I've heard many people suggest that the Bill of Rights protects only citizens, and not legally admitted aliens. Some have argued that surely the Framers would not have understood the Bill of Rights as protecting noncitizens.
It turns out, though, that at least one pretty significant Framer -- that would be James Madison -- took the opposite view. Here's Madison, from his Report on the Virginia Resolutions, which criticized the Alien and Sedition Acts of 1798:
Again, it is said, that aliens not being parties to the Constitution, the rights and privileges which it secures cannot be at all claimed by them.
To this reasoning, also, it might be answered, that although aliens are not parties to the Constitution, it does not follow that the Constitution has vested in Congress an absolute power over them. The parties to the Constitution may have granted, or retained, or modified the power over aliens, without regard to that particular consideration.
But a more direct reply is, that it does not follow, because aliens are not parties to the Constitution, as citizens are parties to it, that whilst they actually conform to it, they have no right to its protection. Aliens are not more parties to the laws, than they are parties to the Constitution; yet, it will not be disputed, that as they owe, on one hand, a temporary obedience, they are entitled in return to their protection and advantage.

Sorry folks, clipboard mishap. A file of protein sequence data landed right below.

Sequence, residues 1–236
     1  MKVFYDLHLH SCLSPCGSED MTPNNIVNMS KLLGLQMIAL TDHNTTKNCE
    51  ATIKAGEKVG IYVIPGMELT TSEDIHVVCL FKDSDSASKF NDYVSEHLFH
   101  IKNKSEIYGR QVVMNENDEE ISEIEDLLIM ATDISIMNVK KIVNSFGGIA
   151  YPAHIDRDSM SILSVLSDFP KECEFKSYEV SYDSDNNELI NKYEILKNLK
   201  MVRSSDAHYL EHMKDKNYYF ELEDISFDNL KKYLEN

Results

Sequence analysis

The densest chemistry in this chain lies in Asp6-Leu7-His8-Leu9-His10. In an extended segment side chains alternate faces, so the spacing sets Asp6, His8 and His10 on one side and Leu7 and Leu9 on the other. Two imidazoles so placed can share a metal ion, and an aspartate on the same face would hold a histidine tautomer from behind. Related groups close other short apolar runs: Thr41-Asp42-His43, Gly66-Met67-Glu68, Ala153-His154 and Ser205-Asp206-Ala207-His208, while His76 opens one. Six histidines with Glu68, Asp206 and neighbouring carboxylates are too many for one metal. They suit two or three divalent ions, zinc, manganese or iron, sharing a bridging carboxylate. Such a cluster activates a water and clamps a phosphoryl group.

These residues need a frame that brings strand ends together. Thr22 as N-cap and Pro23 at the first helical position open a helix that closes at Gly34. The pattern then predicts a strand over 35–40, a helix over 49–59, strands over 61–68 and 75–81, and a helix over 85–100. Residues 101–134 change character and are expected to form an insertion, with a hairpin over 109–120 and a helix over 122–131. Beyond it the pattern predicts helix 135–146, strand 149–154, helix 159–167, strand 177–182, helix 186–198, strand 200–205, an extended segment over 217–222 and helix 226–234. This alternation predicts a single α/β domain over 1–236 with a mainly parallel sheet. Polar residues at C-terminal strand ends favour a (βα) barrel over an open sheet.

If aliens had no rights under the Constitution, they might not only be banished, but even capitally punished, without a jury or the other incidents to a fair trial. But so far has a contrary principle been carried, in every part of the United States, that except on charges of treason, an alien has, besides all the common privileges, the special one of being tried by a jury, of which one-half may be also aliens.
The Supreme Court has endorsed Madison's view at least since Wong Wing v. U.S. (1896) as to the criminal procedure provisions, and in Yick Wo v. Hopkins (1886) (also unanimously) as to the Equal Protection Clause racial equality principle. Aliens might be deportable for their speech (see here for more on that question), but they can't be otherwise punished for it, nor can they be criminally prosecuted in the civil justice system without the normal constitutional protections. (The question of when military justice may be applied to them is a separate and complicated issue, and one that may potentially relate to citizens as well as aliens.)
Now I'm not a historian of the matter, and it may well be that the matter was unclear. Certainly Madison was arguing against people who took the contrary view; perhaps they were in the solid majority on this. But at the very least one shouldn't just casually assume that the Bill of Rights must of course apply only to citizens, when the principal drafter of the Bill of Rights took the opposite view.